It may be that sufficient ice is flowing down the main channel/falling down from the heights of the ice sheet that we are witnessing the squeezing out of the deep waters present, it seems a lttle early for melt water to be flooding out, or it could be that saline water has kept last seaons meltwater liquid and possibly eased the flow properties of the granular ice in the channel. If the latter is true then as the ice flow above is eased by melt we could witness a very abrupt advance of the calving front which could only be sustained by a widespread local slump of the ice sheet. On the other hand if we are witnessing the consolidation of the ice in the main channel then we may see little change over the next few years, just small advances, calvings and retreats.

45
Greenland and Arctic Circle / Re: The Nares Strait thread
« on: May 02, 2019, 09:58:21 PM »
It would be interesting to know the timings of when warmer or more turbulent waters arrive below that 'fishing hole'.

46
An interesting image from polarview today, it looks like there's been a serious flood of basal water break out from beneath the southern branch, which has advanced and calved and this before a big seasonal tide at the weekend. The second collapse feature on the northeast face of the southern branch, just before the bend, is not evident in the image so I await a clear day on sentinel.
  Coincident with this the northern glacier, not branch, which had a 'fan' calving this winter has begun to move too.

47
Arctic sea ice / Re: "Stupid" Questions :o
« on: April 14, 2019, 11:15:58 PM »
I pretty much agree with that, how many images and over what period crossed my mind, but yes if the water begins to fall/drop into a trough it will organise itself according to it's rotational potential and once established, i imagine, like a tornado it will twist turn and move according to the medium it's passing through. Atlantic waters reaching this far north will have acquired quite a lot of torque since passing 600N, or if you will may not yet have lost the intrinsic torque of being about 1/2 the planets radius away from the axis of rotation [in much the same plane], which will be expressed as it's forced into a coherent stream.

48
Arctic sea ice / Re: "Stupid" Questions :o
« on: April 12, 2019, 10:47:11 AM »
It's very close to the head of Santa Anna basin trough so maybe the waters from Kara are dropping into the basin trough hereabouts?

49
Looking back this is why I formed the view that seawater penetration once past the first cill, at 5K, was more or less unstoppable, the more saline water will always pass over the inner cills and move upstream before it becomes dilute enough to move back towards Disko. The recorded calvings of giant icebergs I suspect are the result of the ice in the deepest part of the trough being floated and breaking through the weight of ice above freeing that space for seawater penetration. There have been enough of these giant icebergs to convince me that some of them have come from inland of sills#1 and #2 from the first link. These blocks of coherent ice have been replace by ice moving downstream, so now in place of a smooth ice surface to grind over there is a melange of broken ice pressed to the depths of the chasms by the weight of the ice above it suffused with saline water.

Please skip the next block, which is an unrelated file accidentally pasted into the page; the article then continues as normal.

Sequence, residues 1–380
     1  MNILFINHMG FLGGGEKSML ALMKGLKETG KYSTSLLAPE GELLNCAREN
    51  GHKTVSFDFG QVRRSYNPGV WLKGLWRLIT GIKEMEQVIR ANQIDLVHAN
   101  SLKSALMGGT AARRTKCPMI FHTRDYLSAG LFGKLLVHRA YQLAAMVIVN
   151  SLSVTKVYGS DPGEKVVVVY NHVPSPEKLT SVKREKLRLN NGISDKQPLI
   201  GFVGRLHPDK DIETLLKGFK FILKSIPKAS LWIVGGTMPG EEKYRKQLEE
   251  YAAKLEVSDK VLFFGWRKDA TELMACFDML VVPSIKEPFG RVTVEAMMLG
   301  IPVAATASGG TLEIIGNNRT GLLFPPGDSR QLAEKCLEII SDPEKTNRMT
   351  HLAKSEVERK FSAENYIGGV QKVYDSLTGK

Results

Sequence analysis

Were any cryopegs present beneath these giants? are there more upstream? as would seem probable if they froze from the top down.
 Tidal forces act on landmasses as well as oceans so they will act on ice bodies too the more fluid the ice the greater the potential effect, so it's not just a matter of the tidal waters penetrating and lifting the ice, and all I'm suggesting here is that the calvings and advances occur close to the extreme tidal range at new/full moons. The ice height of 200m ft. above the waters surface means there can't be any actual lifting from tidal penetration but increased melt is another matter.
See this comment too, https://forum.arctic-sea-ice.net/index.php/topic,154.msg56298.html#msg56298
So I'm still of the opinion that the cool saline water in Disko is discharge from the glacier mixed with tidal and possibly cryopeg waters. Is it correct to call it a grounding line if the ice is a composite of melange and seawater? if so ok.

50
Greenland and Arctic Circle / Re: The Nares Strait thread
« on: April 09, 2019, 02:59:36 PM »
A tidal wave has another meaning altogether, usually nothing to do with tides, I use the term surge because the tides high-high or low-low are about 12.5 hours apart so low-high 6+ so more like a really slow swell. The tides at the Lincoln end of Nares have some peculiar resonances too iirc, and I've yet to understand them. This links to Alert and there's a tide station map for others https://www.tide-forecast.com/locations/Alert-Nunavut/tides/latest
and more here